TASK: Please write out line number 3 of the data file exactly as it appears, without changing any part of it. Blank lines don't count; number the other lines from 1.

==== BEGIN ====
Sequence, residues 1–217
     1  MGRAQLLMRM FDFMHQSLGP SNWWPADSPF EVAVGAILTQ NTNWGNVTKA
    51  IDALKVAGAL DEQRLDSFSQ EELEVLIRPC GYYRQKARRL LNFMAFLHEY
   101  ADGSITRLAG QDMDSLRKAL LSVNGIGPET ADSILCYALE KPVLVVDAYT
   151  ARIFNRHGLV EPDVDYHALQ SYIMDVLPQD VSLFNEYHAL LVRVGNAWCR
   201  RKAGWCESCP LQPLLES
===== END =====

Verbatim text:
    51  IDALKVAGAL DEQRLDSFSQ EELEVLIRPC GYYRQKARRL LNFMAFLHEY